The three Baylor seniors set Michigan up, and a freshman knocked the Wolverines out.
Adrian Boitan, who clinched both of Baylor’s wins in the Big 12 tournament, has done the same in the Bears’ two NCAA tournament matches.
In Saturday’s second-round tilt, Boitan posted a 6-4, 6-3 victory over Matias Siimar to put the final point on the board in a 4-1 win for Baylor, the No. 6 overall seed, at the Hurd Tennis Center. The Bears move on to the new super regional round and will host No. 11 UCLA, which is tentatively scheduled for 6 p.m. Friday, with the winner advancing to the final site in Orlando, Fla.
Baylor also defeated Michigan, 4-1, on Jan. 27, and the script played out the same way in that match as it did Saturday.
The Wolverines (18-9) claimed the doubles point in both matches but couldn’t follow that up with a singles point in either.
“We prepared to deal with the loss of the doubles point because you can’t go through the entire tournament without having that setback once in a while,” Baylor coach Brian Boland said. “There’s so much parity. We’ve played great doubles. We’ve been consistent, and we have to believe in ourselves if it doesn’t work out. Credit to Michigan for playing two great tiebreakers.”
Baylor (24-5) quickly put the doubles behind it and took control in singles.
Will Little cruised through his match with Connor Johnston at No. 4, breaking twice in both sets and evening the team score at 1 with his 6-2, 6-3 win.
The other two seniors were in a tight race to put the second point on the board. Fans at the Hurd Tennis Center were giving their customary match-point slow clap to both Johannes Schretter on Court 1 and Jimmy Bendeck on Court 6.
Bendeck dropped one match point, which allowed Schretter to nose across the finish line first with an ace to put the finishing touch on a 6-4, 6-3 win over Andrew Fenty.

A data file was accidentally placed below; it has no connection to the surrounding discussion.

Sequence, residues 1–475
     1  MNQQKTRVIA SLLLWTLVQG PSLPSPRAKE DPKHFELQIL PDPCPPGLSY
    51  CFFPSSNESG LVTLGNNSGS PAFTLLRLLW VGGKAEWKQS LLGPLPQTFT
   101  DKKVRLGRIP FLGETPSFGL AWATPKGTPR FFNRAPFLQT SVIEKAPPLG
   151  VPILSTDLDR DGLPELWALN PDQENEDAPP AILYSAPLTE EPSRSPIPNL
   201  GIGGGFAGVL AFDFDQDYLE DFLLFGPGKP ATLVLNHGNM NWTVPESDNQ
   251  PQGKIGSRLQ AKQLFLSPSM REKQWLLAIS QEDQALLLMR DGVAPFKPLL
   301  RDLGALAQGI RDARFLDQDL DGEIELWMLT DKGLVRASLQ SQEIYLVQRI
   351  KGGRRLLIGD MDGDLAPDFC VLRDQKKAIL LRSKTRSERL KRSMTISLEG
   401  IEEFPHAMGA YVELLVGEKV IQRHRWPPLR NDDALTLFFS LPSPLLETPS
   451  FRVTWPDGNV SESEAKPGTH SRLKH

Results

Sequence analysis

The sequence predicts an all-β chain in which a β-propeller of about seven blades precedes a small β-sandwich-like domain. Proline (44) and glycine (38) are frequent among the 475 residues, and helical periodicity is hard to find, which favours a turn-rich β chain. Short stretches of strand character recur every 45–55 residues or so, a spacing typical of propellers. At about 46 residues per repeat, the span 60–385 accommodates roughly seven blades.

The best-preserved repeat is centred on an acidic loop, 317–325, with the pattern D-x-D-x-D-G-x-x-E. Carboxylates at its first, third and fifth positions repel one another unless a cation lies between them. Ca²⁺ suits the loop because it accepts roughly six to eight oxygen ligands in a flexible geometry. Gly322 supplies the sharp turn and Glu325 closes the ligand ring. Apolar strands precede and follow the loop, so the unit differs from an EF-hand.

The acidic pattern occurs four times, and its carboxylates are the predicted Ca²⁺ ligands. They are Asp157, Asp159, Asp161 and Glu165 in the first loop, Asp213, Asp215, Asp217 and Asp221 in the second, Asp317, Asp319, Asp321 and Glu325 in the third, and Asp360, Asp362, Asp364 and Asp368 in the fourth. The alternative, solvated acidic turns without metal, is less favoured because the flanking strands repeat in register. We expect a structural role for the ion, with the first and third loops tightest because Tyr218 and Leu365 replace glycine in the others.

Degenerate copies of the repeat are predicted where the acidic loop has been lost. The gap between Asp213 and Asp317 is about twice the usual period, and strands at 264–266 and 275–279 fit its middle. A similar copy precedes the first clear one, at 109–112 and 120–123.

Seconds later, Gabe Tishman missed a shot long to hand Bendeck a 6-4, 6-4 win and Baylor a 3-1 lead. It was especially sweet for Bendeck, who hadn’t played a singles match since April 7 against Oklahoma State.
“I’m still in pain, but it was just good to be out there,” Bendeck said. “I don’t have many matches left, and I want to be out there as much as I can. The coaches are putting me out there and trusting in me even though I haven’t played in a month. I just went out there. I didn’t know if I was going to win or lose. I just wanted to compete as hard as possible.”
That once again brought the focus to Boitan’s court, and the freshman came through once again for the Bears.
Boland laughed when asked if he thought Boitan was purposely putting himself in the clinching position and said, “You’ll have to ask him,” but it’s clearly a place Boitan has no problem being.
“The thing is I love to be in that position,” Boitan said. “All the pressure goes, and I can come out and play my best.”
Bendeck was the only Bear to win both of his matches, as he and Sven Lah, the No. 1 doubles team in the nation, defeated Siimar and Johnston, 6-4. But Michigan pulled out a pair of tiebreakers at No. 2 and 3 to claim the opening point. Tishman and Harrison Brown edged Schretter and Constantin Frantzen, 7-4 in the tiebreaker on Court 3, and Fenty and Myles Schalet made it a 1-0 Michigan lead by closing out a 7-5 tiebreaker over Matias Soto and Little at No. 2.